Dearly Beloved in Christ: 

          Think back 6 months ago.  It was early September.  The weather was beautiful, the temperatures typical for Fall.  The Apple harvest was coming in.  The land seemed peaceful and calm.  But the country, and most of its people, were not.  Our fellow Americans were seething inside.  We’d been locked up or locked down for 6 months.  The open fear over the virus had ruptured America’s calm.  An uncertain election loomed.  Nasty words with a nasty tone were spewed forth each day.  People longed for a vaccine, an antidote to their woes.  If the average American had heard me read these words of our text then, they would have said: “That’s pie-in-the-sky nonsense!”  They would have cringed, especially at the phrase: “but we also rejoice in our sufferings.”  Rejoice over Covid?  Rejoice over economic disaster? Rejoice over the pain and anguish we’ve endured?  Rejoice over knowing that everything we’ve taken for granted, normalcy, would be forever changed?  Yes, apart from faith Paul’s words DO sound like nonsense.  But not for the believer in Christ!  Only the Christian can accept and rejoice over Paul’s words.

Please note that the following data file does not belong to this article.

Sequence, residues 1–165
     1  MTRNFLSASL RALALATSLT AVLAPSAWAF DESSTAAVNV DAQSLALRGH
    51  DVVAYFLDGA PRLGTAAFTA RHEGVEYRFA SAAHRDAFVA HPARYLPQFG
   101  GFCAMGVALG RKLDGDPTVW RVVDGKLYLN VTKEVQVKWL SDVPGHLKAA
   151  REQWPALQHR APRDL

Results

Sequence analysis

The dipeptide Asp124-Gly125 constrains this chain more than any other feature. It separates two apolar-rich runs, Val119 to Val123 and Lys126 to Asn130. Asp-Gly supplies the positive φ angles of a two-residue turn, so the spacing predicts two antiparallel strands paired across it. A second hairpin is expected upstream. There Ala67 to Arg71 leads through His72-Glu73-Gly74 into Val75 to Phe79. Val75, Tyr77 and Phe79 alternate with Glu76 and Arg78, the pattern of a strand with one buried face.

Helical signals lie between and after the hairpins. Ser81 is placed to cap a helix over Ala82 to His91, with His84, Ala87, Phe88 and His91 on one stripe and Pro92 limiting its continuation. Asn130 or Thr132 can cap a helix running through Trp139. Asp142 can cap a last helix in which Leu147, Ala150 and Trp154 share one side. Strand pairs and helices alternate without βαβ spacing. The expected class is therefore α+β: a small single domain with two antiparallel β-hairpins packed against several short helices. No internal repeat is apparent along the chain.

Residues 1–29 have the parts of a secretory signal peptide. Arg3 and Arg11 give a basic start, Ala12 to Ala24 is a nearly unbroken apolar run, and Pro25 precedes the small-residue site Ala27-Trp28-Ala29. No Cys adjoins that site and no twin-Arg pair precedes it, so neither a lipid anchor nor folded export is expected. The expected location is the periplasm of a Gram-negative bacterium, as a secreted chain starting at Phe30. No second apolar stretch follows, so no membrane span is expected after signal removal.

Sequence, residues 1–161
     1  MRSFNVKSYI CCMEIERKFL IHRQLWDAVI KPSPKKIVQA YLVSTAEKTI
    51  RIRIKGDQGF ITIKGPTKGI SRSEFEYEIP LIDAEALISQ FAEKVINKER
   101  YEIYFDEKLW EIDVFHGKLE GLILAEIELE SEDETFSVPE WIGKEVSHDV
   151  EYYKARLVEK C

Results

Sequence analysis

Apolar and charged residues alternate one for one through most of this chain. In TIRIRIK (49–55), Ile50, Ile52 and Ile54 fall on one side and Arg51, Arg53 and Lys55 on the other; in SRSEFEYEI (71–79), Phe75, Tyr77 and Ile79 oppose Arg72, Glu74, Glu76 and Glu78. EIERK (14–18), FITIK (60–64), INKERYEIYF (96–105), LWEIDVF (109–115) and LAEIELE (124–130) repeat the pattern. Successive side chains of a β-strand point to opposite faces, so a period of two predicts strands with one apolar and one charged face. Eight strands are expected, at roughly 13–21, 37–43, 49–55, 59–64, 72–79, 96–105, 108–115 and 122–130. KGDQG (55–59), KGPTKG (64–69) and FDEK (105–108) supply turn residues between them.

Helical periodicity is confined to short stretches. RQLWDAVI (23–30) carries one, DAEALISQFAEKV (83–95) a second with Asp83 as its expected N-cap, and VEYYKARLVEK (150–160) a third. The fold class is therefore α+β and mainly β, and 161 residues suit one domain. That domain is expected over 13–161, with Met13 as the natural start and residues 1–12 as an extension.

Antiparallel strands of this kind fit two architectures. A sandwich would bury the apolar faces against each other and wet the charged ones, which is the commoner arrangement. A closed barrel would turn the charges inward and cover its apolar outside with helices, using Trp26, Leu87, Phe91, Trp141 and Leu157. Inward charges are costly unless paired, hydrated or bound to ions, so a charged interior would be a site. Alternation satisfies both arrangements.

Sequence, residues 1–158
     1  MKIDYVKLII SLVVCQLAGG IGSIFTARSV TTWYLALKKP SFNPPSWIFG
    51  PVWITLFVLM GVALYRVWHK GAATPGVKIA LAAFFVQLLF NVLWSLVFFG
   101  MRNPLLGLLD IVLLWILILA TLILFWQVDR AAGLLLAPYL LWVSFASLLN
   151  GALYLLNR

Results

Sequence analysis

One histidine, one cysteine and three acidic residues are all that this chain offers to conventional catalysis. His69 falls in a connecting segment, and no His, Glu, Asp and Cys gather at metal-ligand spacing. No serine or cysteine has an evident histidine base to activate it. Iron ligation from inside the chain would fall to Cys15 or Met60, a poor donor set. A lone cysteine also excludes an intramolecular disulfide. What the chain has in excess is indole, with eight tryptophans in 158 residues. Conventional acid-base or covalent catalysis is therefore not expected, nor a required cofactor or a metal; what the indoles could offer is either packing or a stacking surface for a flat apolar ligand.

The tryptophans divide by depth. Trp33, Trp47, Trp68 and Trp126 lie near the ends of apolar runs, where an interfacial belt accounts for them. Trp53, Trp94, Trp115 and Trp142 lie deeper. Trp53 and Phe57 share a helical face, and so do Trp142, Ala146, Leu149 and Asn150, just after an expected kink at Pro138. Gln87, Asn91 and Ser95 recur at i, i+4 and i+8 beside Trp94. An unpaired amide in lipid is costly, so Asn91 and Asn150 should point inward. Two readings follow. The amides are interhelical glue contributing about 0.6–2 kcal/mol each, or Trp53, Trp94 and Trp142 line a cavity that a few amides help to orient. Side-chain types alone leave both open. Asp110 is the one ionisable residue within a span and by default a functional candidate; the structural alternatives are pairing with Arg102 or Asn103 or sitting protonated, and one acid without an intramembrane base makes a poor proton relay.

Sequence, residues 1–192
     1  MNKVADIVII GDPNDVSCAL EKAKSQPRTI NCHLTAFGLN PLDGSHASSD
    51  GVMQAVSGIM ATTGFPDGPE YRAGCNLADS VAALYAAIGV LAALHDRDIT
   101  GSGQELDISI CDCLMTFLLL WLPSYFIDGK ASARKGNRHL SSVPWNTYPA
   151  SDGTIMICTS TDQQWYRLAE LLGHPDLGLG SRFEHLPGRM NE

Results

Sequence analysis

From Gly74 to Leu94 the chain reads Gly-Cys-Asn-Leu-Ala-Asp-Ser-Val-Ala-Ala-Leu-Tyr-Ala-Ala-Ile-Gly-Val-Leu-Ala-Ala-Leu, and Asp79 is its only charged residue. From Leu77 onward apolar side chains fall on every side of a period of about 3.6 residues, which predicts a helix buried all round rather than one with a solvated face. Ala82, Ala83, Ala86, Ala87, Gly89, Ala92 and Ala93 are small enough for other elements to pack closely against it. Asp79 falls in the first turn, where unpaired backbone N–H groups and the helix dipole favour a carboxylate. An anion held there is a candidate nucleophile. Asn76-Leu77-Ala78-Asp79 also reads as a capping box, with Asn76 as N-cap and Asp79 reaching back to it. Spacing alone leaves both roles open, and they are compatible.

Paul had a hard life.  In many respects his life had more pain, suffering, rejection, and upheaval than most.  You know his history so I won’t catalogue it here. (And if you don’t know read the Acts of the Apostles this week.)   And yet from the depths of his soul, he writes this seemingly (to the world) paradoxical text. 

          War is horrible.  You cannot escape it.  It grinds you down and will kill you.  Longing for peace and “normalcy” won’t end war.  It might put it on hold for a time, but war is always with nations and peoples.  War within your heart is even worse.  It is continual upset and unease and fear over any sense of a blessed afterlife.  Such war is fear over and against God.  This is America today—or at least the non-Christian part of our nation. 

          How do we attain non-war, or the status of peace with God?  Well, here’s the answer: “Therefore, since we have been justified (declared by God Almighty as totally forgiven and right with Him) by faith, we have peace with God through our Lord Jesus Christ, through whom we have gained access by faith into this grace in which we now stand.”  On the macro scale, the eternal one which actually counts, this is our reality.

          Like all of you, I have had my moments of weakness and unease over this past year.  I, too, have questioned God with the weekly repeating of: ”Why Lord?”  That’s because, like you, I often get bogged down in the micro-minutia of life instead of focusing on the macro plan, which is the grace of God.